Brief Communication abstract


Nature Neuroscience 12, 1226 - 1227 (2009)
Published online: 30 August 2009 | doi:10.1038/nn.2381

Personal space regulation by the human amygdala

Daniel P Kennedy1, Jan Gläscher1, J Michael Tyszka2 & Ralph Adolphs1,2

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The amygdala plays key roles in emotion and social cognition, but how this translates to face-to-face interactions involving real people remains unknown. We found that an individual with complete amygdala lesions lacked any sense of personal space. Furthermore, healthy individuals showed amygdala activation upon close personal proximity. The amygdala may be required to trigger the strong emotional reactions normally following personal space violations, thus regulating interpersonal distance in humans.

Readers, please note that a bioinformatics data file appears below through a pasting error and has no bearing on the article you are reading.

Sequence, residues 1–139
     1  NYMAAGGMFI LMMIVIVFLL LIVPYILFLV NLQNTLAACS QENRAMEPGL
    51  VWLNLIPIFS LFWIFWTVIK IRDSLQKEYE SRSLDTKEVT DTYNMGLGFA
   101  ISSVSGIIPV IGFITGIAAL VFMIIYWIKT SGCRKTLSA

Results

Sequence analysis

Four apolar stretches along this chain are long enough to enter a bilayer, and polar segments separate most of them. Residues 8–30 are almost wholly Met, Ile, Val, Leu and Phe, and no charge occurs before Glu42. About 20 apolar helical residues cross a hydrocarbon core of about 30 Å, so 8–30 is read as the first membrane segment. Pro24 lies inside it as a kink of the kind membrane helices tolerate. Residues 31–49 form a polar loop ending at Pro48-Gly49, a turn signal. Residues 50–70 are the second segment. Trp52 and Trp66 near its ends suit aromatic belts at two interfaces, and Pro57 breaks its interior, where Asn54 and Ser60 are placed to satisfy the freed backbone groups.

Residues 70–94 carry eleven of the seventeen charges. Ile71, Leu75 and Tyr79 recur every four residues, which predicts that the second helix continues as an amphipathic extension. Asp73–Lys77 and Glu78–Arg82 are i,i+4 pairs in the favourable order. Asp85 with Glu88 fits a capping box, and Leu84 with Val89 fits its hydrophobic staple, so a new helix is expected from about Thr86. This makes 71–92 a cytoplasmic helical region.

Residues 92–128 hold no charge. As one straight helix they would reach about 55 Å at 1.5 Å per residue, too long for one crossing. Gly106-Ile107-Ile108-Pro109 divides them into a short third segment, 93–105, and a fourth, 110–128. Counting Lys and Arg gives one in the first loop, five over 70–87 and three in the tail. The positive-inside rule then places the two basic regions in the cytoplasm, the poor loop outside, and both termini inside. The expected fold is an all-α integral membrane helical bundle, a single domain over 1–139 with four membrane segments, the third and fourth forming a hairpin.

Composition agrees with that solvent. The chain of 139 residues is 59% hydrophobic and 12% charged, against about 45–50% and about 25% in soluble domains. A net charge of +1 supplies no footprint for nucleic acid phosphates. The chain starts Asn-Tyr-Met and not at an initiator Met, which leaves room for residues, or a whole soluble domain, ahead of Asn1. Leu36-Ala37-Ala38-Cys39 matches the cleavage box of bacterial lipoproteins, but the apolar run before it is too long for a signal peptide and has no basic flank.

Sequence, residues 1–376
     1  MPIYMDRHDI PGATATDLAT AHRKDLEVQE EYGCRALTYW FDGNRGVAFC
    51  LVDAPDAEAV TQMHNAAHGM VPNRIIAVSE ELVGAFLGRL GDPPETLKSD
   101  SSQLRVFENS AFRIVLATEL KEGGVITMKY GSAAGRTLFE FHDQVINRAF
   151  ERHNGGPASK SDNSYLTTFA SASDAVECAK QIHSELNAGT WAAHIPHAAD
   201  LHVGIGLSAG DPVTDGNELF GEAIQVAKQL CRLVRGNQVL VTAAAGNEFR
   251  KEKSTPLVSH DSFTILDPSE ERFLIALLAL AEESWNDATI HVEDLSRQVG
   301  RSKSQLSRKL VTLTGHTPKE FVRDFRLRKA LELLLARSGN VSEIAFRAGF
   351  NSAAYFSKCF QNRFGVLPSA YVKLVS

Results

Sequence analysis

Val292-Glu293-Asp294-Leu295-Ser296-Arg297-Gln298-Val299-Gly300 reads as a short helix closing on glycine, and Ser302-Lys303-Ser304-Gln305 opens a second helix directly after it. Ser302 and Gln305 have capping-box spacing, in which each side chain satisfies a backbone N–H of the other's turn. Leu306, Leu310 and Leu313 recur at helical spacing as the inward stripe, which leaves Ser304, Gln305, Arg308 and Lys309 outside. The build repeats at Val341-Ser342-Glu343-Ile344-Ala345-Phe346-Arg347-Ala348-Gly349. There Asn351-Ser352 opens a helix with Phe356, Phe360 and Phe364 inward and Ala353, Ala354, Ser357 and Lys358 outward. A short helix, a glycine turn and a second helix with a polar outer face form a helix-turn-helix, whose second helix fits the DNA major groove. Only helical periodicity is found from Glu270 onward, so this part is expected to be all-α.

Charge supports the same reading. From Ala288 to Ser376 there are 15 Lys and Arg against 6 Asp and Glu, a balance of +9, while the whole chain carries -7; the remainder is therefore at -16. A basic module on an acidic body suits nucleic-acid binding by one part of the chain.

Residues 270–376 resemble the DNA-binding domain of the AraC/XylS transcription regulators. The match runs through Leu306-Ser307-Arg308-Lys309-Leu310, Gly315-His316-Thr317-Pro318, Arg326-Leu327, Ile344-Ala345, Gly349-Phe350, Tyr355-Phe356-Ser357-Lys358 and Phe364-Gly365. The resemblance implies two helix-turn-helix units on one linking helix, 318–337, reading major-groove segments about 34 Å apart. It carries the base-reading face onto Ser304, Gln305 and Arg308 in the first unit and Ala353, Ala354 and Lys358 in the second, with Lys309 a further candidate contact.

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  1. Division of Humanities and Social Sciences, California Institute of Technology, Pasadena, California, USA.
  2. Division of Biology, California Institute of Technology, Pasadena, California, USA.

Correspondence to: Daniel P Kennedy1 e-mail: kennedy@caltech.edu



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